The Veterans Health Administration is looking for a new medical scheduling application — and now it has a range of choices from an app design competition.
With a slightly outdated scheduling system of limited functionality in use now, the VA started the contest to help find a system that could let patients create appointments online while improving scheduling and coordination management for providers.
The VA chose three apps, out of 40 submitted as part of the contest, for both accolades and prize money. The winning submission, called Health eTime, offers veterans the ability to schedule visits online across VA locations and gives VA providers the ability to share appointments with veterans’ personal digital calendars and with other non-VA providers.
Health eTime was developed through a collaboration between software maker MedRed LLC, telecom company BT and the VISTA Expertise Network, all of whom will share the $1.8 million in prize money for first place.
Second and third place apps were submitted by a team at Oroville Hospital in northeastern California and by the HP Open Community Team, receiving $705,000 and $520,000, respectively.
The VA started the scheduling contest with the goal of eventually replacing a legacy component of the systems’ VistA open source software, and giving veterans more convenience.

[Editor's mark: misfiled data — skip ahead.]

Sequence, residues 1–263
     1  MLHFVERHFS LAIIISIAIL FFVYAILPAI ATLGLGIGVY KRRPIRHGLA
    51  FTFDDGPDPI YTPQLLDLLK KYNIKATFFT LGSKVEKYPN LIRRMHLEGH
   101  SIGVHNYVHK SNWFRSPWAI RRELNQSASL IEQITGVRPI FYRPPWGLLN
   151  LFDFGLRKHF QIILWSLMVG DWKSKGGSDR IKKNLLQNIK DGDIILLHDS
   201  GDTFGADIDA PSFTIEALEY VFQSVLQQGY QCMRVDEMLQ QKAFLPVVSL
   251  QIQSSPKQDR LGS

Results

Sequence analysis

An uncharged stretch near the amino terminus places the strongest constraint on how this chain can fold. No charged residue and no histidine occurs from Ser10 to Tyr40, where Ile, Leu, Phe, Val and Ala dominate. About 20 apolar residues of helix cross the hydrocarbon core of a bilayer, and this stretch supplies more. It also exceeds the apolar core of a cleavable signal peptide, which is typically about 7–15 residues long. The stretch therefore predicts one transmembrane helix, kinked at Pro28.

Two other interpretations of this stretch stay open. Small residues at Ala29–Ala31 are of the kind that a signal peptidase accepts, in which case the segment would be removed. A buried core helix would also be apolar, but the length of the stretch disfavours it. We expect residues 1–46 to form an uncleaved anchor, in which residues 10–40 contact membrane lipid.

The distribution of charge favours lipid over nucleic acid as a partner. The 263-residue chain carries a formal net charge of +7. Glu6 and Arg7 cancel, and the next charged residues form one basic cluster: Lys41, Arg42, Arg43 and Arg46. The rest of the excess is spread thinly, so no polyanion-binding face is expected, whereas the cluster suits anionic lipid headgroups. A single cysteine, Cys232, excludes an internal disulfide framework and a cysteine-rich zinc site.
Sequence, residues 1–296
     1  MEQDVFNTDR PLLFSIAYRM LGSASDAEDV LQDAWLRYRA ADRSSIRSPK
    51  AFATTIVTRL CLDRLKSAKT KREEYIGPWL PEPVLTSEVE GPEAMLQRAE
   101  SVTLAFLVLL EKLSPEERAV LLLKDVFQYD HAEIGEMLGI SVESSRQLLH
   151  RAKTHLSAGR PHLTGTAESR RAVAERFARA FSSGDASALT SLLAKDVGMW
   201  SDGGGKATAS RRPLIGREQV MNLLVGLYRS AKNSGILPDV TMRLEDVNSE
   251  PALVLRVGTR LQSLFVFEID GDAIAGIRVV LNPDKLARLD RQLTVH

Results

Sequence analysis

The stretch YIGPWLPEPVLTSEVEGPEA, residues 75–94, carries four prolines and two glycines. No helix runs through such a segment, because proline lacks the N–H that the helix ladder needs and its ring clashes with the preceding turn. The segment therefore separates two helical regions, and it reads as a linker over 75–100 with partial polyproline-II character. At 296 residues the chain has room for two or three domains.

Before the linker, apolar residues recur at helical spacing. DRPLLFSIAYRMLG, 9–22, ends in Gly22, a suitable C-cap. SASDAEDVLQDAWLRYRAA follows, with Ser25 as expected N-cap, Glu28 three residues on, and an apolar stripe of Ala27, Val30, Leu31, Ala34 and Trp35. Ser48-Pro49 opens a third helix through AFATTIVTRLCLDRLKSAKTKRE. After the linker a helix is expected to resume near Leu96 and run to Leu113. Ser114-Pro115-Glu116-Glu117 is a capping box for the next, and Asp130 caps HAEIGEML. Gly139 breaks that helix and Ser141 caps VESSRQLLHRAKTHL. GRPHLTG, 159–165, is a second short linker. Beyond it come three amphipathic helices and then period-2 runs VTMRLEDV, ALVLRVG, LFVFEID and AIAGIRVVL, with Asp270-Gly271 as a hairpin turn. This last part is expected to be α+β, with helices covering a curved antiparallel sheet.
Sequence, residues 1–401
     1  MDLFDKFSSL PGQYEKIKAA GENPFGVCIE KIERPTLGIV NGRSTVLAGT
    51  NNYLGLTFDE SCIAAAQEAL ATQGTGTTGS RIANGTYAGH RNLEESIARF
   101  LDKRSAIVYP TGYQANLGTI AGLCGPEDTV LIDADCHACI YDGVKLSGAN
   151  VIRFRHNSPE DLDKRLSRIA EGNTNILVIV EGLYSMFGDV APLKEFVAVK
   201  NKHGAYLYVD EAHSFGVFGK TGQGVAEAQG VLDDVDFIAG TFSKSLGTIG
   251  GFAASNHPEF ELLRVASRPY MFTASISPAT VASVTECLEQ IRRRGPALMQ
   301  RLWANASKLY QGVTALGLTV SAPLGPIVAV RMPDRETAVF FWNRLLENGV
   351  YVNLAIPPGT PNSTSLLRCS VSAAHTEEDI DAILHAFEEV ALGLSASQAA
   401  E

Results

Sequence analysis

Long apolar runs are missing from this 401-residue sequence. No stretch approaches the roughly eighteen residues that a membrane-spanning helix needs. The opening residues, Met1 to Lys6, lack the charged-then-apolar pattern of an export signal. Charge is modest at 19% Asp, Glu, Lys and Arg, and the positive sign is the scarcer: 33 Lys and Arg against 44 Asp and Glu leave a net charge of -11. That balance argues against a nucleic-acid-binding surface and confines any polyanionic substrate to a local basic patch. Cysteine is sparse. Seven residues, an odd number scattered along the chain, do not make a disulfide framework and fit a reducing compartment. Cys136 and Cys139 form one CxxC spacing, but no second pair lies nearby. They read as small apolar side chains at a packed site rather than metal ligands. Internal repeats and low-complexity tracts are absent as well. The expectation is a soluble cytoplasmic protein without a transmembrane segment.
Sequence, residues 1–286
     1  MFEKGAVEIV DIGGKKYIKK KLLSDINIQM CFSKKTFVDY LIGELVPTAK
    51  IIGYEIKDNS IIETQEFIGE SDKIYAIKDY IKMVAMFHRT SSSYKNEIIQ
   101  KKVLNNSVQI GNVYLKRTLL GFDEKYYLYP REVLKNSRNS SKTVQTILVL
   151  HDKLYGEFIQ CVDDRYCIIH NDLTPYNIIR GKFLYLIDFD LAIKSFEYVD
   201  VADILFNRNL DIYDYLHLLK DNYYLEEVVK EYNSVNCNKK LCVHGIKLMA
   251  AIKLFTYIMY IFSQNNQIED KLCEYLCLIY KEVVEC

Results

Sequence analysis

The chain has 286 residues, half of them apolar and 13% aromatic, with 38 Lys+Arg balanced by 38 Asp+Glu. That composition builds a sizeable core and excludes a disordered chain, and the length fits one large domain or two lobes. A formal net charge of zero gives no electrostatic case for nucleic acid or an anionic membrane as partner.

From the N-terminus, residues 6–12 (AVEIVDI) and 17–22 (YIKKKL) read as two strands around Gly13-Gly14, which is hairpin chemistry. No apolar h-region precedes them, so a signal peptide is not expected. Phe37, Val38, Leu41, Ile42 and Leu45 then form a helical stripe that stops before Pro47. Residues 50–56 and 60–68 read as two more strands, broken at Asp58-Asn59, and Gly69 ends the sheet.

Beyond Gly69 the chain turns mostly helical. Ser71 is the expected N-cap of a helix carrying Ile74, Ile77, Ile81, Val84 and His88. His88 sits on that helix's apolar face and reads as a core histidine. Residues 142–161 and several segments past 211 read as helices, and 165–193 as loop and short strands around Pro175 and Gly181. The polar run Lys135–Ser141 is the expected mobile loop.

“The VistA scheduling module is one of the oldest modules in VistA,” Rick Marshall, executive director of VISTA Expertise Network, said in a media release. “Modernizing it not only helps with the immediate complex issue of scheduling but also can provide some insight into the overarching challenge of VistA modernization.”
As the VA eyes a replacement for its medical scheduling system, demonstration “of open source compatibility in this contest may be taken into consideration in the rating of proposals in any subsequent procurement,” the agency said on the contest page.
In some ways the app contest lets the VA better survey its options pre-procurement, while also reducing some of the procurement burden. The VA attempted unsuccessfully to develop a scheduling replacement previously, but cancelled the project in 2009 after key planned capabilities remained undelivered and $127 million was spent.